PUTRAJAYA, Sept 28 — The Federal Court dismissed today a publisher’s legal challenge against a Selangor state law that religious authorities had used to seize a book they deemed to be un-Islamic.
The country’s apex court ruled in a unanimous decision that the Selangor legislative assembly had acted within its powers when making the Shariah law that criminalises the publishing of publications deemed un-Islamic and upheld the state law as constitutional.
“For the above reasons, we hold that the impugned provision as enacted by Selangor state assembly is valid and not ultra vires the federal constitution. The application is dismissed,” President of the Court of Appeal Tan Sri Md Raus Sharif said when reading out the judgment.
The panel today also included Chief Judge of Malaya Tan Sri Zulkefli Ahmad Makinuddin; and Federal Court judges Tan Sri Abdul Hamid Embong, Tan Sri Ahmad Maarop, and Tan Sri Hasan Lah.
In reading out the grounds of a 16-page judgment, Md Raus addressed two questions that formed the crux of the argument: firstly whether the Selangor state assembly had the powers to enact a restrictive law or a law with potential to restrict freedom of expression; and whether or not the state could enact a law that goes against Article 10 of the Federal Constitution that protects the freedom of expression.
The Federal Court said Article 10 does not guarantee absolute freedom of speech and ruled that it must be read together with a list of other constitutional provisions, namely Articles 3(1), 11, 74(2) and 121.
The judge also took Islam as the religion of the federation into account in their decision and said among other things, that Article 74(2) gives state assemblies the power to make laws on matters falling under the state government’s jurisdiction in the Constitution’s Ninth Schedule, including laws to punish Muslims relating to the precepts of Islam.
Having also noted Article 11(4) which allows state laws to restrict the spread of religious doctrine among Muslims, the judge said the Selangor state assembly had acted within its legislative powers as it was enacting offences against the precepts of Islam, as opposed to offences on printing.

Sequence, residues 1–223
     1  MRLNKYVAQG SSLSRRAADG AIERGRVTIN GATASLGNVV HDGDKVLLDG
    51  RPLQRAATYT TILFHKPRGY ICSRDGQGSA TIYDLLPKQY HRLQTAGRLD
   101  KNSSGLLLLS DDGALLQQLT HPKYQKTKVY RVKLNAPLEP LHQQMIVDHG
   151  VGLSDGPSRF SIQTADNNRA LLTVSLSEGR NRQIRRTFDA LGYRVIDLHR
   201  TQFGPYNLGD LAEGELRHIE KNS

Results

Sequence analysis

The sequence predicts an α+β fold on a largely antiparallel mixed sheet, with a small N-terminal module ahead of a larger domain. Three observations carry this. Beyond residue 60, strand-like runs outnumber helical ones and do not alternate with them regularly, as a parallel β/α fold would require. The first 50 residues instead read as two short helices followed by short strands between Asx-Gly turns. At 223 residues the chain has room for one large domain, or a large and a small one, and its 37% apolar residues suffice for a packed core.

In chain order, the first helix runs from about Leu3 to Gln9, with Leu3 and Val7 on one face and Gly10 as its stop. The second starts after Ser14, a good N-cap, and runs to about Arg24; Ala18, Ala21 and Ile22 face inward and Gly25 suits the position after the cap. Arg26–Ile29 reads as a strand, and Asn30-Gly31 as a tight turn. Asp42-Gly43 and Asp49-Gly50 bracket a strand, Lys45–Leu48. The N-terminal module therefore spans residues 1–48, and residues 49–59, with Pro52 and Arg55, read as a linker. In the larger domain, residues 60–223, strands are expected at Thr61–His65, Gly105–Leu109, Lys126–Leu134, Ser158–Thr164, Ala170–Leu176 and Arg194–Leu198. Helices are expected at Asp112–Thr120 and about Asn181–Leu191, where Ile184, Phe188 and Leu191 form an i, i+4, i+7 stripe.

The judge concluded that the Selangor state assembly had not gone beyond its powers to enact laws on a matter that falls within the federal government’s jurisdiction, as it had only enacted on a matter within the state government’s jurisdiction under the Federal Constitution by banning the spread of wrongful belief among Muslims through publications against Islamic law and its precepts.
“What is contrary to Islamic law is without doubt against the precepts of Islam. Thus, the Selangor state legislative assembly was acting within its legislative power in enacting the impugned section,” the judgment said, having noted the Selangor assembly’s “clear” purpose to control religious publications that are against Islam.
ZI Publications Sdn Bhd and its director Ezra Zaid had challenged Section 16 of the Shariah Criminal Offences (Selangor) Enactment 1995, with Section 16 (1) making it a crime for Muslims to publish, distribute or possess publications against Islamic law.
If found guilty under Section 16(1), Ezra faces a fine not exceeding RM3,000 or two years’ prison, or both.
In addition, Section 16(2) of the same law empowers the state Shariah Court to order any book, document or other form of record to be “forfeited and destroyed”, even when nobody is convicted under Section 16(1).
The suit was initiated after Selangor’s Islamic Religious Department (Jais) officers seized 180 copies of “Allah, Kebebasan dan Cinta” from the publisher’s office on May 29, 2012, by using Section 16 of the Selangor enactment.
The book is a Malay translation of Canadian author Irshad Manji’s book titled “Allah, Freedom and Love”.
In April 2013, ZI Publications and Ezra filed the legal challenge at the Federal Court here to get the courts to declare Section 16 as an invalid law.
The publisher had contended that matters of publication falls under the Federal List according to the Constitution’s Ninth Schedule, and is already covered by the Printing Presses and Publications Act (PPPA) 1984, a federal law made in Parliament.
They further argued that the law contravenes Article 10 of the Federal Constitution that guarantees citizens the right of freedom of speech and expression.
The Selangor state government was named as the sole respondent in the lawsuit, but the Selangor Islamic Religious Council (Mais) and the Malaysian government were allowed to intervene or to be a party to the court case.